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New Incentives for Students of Respiratory Therapy

New Incentives for Students of Respiratory Therapy

By Peter Vogt | Monster Career Coach

Clarke’s education degree combined with her respiratory therapy preparation led to one promotion at Methodist, then another and finally a third. It also helped her land a part-time teaching job in St. Catherine’s respiratory therapy department – a position she holds to this day.

Clarke wasn’t completely debtless when she was done, “but by working as a therapist, I was able to make a lot more money than I would have made in another part-time job,” she says. “Also, the flexible hours made it possible for me to work as much as possible around my full-time day school schedule.”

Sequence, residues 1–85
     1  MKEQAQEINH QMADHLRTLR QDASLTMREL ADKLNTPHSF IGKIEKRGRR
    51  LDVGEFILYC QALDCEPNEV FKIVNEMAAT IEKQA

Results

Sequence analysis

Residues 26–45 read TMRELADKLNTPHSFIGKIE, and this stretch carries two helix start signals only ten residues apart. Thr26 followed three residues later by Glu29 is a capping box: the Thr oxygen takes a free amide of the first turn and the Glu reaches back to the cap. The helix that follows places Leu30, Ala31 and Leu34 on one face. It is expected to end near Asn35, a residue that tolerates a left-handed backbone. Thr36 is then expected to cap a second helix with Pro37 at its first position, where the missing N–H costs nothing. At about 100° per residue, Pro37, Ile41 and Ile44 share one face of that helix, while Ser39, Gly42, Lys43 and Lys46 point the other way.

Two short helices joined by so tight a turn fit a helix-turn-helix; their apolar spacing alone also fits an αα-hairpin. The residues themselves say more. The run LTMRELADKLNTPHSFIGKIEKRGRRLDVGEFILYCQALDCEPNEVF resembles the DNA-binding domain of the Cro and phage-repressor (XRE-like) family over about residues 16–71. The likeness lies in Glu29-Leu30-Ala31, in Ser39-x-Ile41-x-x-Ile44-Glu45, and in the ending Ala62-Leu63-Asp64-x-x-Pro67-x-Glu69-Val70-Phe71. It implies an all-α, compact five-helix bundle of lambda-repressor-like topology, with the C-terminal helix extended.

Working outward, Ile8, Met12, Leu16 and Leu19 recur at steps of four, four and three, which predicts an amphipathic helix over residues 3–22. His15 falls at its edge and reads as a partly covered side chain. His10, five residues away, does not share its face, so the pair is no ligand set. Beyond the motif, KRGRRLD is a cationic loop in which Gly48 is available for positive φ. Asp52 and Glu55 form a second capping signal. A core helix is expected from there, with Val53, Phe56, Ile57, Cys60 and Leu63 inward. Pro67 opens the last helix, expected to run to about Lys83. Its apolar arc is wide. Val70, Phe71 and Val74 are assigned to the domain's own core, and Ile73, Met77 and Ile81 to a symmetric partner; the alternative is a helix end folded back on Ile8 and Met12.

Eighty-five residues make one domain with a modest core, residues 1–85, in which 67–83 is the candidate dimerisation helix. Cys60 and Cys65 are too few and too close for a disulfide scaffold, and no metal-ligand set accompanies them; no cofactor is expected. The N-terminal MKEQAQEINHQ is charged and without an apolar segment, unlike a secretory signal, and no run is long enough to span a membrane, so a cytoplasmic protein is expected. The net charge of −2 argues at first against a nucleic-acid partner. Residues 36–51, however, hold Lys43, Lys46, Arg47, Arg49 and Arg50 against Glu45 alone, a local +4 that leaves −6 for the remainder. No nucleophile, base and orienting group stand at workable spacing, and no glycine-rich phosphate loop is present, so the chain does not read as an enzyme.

That’s part of the appeal of this approach to pursuing additional education, whether in respiratory care or a related field, Branson says.

“After the first year of school, respiratory therapy students can often find part-time work with a hospital performing noncritical care duties under the supervision of a registered therapist,” he says. “Because the RT department is open seven days a week, 24 hours a day, 365 days a year, it’s easy to find part-time work that does not interfere with school. In fact, most students who start in a student position are hired as soon as they graduate. And in many cases, the employer may be willing to assist with school if the student works at least half-time.”

To learn more about careers in respiratory care and how they can help pay for your educational pursuits, check out the American Association for Respiratory Care’s Career and Education Web sites.

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